A Backup Camera Worthy of Apple?

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Pearl RearVision

Retailers may note that more DIY wireless camera solutions for the car are hitting the market, and they are becoming increasingly high tech.  The latest was announced this week–an Apple-like backup camera system, launched by engineers that worked on the iPod and iPhone.

The Pearl RearVision is a WiFi/Bluetooth backup camera system that includes two 180 degree fish eye cameras, with HD quality, mounted on a license plate frame.  The frame is solar powered and the system plugs into the OBD 2 port.

The system applies software programming to flatten the image that is then sent  to your phone (iPhone or Android).  You can “tap to pan” to see what’s behind the car.

Pearl RearVision
Photo: Pearl Automation

Through the OBD 2 dongle, the system sounds an alert if something is behind the car.

The RearVision was developed by Pearl Automation, whose CEO and Founder is Bryson Gardner, who helped develop the iPod and several iPhones.  Of Pearl’s 70 employees, 50 hail from Apple, according to Wired magazine.

RearVision launches automatically on Android when the car is turned on, said a spokeswoman.  But due to Apple’s restrictions, you have to launch the app on an iPhone.  The video feed turns off automatically when you reach 10 mph.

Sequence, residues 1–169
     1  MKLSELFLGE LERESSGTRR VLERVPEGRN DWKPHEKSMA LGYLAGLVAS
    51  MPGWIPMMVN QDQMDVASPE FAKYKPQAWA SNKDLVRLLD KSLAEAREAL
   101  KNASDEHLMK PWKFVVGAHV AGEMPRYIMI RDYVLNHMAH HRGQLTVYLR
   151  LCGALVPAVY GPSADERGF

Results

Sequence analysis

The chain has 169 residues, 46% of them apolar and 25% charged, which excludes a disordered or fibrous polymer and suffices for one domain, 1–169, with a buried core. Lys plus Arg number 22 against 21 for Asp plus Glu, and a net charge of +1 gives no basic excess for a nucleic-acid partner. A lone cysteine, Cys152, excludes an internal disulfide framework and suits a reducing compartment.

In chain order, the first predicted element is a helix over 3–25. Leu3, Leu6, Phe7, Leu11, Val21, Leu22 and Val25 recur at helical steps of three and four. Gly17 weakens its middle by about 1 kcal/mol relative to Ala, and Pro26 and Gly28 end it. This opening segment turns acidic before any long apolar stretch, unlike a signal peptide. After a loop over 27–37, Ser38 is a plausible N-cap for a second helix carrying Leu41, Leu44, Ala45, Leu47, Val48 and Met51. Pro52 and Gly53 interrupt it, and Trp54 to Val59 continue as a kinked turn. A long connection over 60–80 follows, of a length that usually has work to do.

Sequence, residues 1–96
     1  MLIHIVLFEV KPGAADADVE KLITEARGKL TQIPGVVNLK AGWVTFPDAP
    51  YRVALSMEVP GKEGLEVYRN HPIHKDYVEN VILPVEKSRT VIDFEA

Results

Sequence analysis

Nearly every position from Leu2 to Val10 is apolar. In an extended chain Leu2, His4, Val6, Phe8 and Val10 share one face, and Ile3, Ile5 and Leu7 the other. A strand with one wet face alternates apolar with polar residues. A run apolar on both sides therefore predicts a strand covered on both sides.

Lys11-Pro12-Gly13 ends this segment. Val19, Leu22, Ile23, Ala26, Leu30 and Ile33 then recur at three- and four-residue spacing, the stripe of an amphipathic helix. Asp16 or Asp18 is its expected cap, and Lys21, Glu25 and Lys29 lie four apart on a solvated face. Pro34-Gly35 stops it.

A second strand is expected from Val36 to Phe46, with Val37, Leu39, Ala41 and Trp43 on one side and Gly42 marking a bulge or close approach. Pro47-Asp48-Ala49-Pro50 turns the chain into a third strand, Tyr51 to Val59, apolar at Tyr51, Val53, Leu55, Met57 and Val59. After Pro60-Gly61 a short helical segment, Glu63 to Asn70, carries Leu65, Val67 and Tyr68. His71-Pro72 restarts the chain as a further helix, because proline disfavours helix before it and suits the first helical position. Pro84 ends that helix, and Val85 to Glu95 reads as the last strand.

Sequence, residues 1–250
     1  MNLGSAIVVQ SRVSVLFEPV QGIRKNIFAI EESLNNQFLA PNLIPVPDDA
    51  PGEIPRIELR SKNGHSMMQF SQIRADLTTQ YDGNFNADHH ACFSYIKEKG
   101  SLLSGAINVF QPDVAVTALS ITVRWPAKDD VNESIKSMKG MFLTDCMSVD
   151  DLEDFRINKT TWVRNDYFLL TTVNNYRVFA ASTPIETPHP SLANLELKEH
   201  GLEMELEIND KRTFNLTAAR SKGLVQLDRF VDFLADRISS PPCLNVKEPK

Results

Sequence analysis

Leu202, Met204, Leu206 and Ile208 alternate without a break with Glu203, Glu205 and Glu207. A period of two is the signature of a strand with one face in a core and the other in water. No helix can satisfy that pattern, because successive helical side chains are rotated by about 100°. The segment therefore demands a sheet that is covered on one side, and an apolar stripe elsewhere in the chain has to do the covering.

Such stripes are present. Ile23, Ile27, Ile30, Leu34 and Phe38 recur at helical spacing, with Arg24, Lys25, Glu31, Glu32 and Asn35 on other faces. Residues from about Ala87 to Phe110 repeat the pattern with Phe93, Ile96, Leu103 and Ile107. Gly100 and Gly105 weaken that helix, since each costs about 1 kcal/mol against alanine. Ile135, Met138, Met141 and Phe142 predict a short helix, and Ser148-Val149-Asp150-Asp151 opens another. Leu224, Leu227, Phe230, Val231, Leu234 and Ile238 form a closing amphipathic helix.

A phone mount is included in the price, which is a hefty $500.  The product is due for release in September at pearlauto.com.

Pearl has even bigger plans.  It is using some of its $50 million in financing to develop products for the autonomous car, focusing on the cars that are already on the road.

Bloomberg wrote,  “The car that Apple is developing might seek to win a slice of the 17 million new vehicles sold annually in the U.S. Pearl wants to persuade the owners of the other 243 million cars on American roads to buy its products.”

A video of the RearVision may be seen on Businesswire.

Separately, last month Fen Sens launched a wireless parking camera system on a license plate frame (see also CNET story here).


Source: Pearl Automotive via Wired





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